We would appreciate a cc to "" on your messages; this facilitates our work on incidents and helps us relate ongoing intruder activities.

      If you have a CERT# reference for this incident, please include it in the subject line of all messages related to this incident. (NOTE: This reference number will be assigned by the CERT/CC, so if you do not have a reference number, one will be assigned once we receive the incident report.)

      To find site contact information, please refer to

      You may also want to contact the postmaster at sites that may be involved. Send email to

      postmaster@[host.]site.domain (for example,

      Please include a copy of this document in your message to sites.

    4. To provide as much information as possible to help trace this type of activity, you can increase the level of logging for your mailer delivery daemon.
    5. Realize that in some cases, you may not be able to identify the origin of the spoofed email.

  2. Prevention (Deterrence)
    1. Use cryptographic signatures (e.g., PGP "Pretty Good Privacy" or other encryption technologies) to exchange authenticated email messages. Authenticated email provides a mechanism for ensuring that messages are from whom they appear to be, as well as ensuring that the message has not been altered in transit. Similarly, sites may wish to consider enabling SSL/TLS in their mail transfer software. Using certificates in this manner increases the amount of authentication performed when sending mail.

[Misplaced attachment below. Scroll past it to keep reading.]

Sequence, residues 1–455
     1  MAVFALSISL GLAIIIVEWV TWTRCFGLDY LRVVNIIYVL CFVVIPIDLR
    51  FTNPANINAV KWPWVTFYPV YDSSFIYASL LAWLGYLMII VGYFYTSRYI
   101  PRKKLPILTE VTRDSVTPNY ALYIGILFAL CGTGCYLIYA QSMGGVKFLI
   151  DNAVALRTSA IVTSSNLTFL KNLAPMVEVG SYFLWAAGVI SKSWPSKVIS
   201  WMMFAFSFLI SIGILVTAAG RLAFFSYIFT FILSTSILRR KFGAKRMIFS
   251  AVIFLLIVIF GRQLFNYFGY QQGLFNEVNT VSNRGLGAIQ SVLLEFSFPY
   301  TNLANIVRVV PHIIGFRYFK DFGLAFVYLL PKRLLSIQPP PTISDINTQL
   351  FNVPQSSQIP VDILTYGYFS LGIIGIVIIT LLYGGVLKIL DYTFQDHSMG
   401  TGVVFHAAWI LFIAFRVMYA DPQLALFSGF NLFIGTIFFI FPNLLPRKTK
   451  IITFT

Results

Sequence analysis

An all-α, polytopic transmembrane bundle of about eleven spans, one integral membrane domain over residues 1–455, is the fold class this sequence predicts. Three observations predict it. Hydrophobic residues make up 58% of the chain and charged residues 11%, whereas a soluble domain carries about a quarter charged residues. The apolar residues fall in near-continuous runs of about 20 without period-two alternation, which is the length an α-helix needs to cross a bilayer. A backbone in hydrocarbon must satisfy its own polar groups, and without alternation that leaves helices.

2. Configure your mail delivery daemon to prevent someone from directly connecting to your SMTP port to send spoofed email to other sites.
    3. Ensure that your mail delivery daemon allows logging and is configured to provide sufficient logging to assist you in tracking the origin of spoofed email.
    4. Consider a single point of entry for email to your site. You can implement this by configuring your firewall so that SMTP connections from outside your firewall must go through a central mail hub. This will provide you with centralized logging, which may assist in detecting the origin of mail spoofing attempts to your site.
    5. Educate your users about your site's policies and procedures in order to prevent them from being "social engineered," or tricked, into disclosing sensitive information (such as passwords). Have your users report any such activities to the appropriate system administrator(s) as soon as possible. See also CERT advisory CA-1991-04, available from

IV. Additional Security Measures That You Can Take

  1. If you have questions concerning legal issues, we encourage you to work with your legal counsel.

    U.S. sites interested in an investigation of this activity can contact the Federal Bureau of Investigation (FBI). Information about how the FBI investigates computer crimes can be found here

    For information on finding and contacting your local FBI field office, see

    Non-U.S. sites may want to discuss the activity with their local law enforcement agency to determine the appropriate steps for pursuing an investigation.

  2. For general security information, please see

Copyright 2001, 2002 Carnegie Mellon University

Revision History
Apr 26, 1999
Mar 20, 2000
Sep 04, 2002
Converted to new web format
Updated links
Minor updates
  • No labels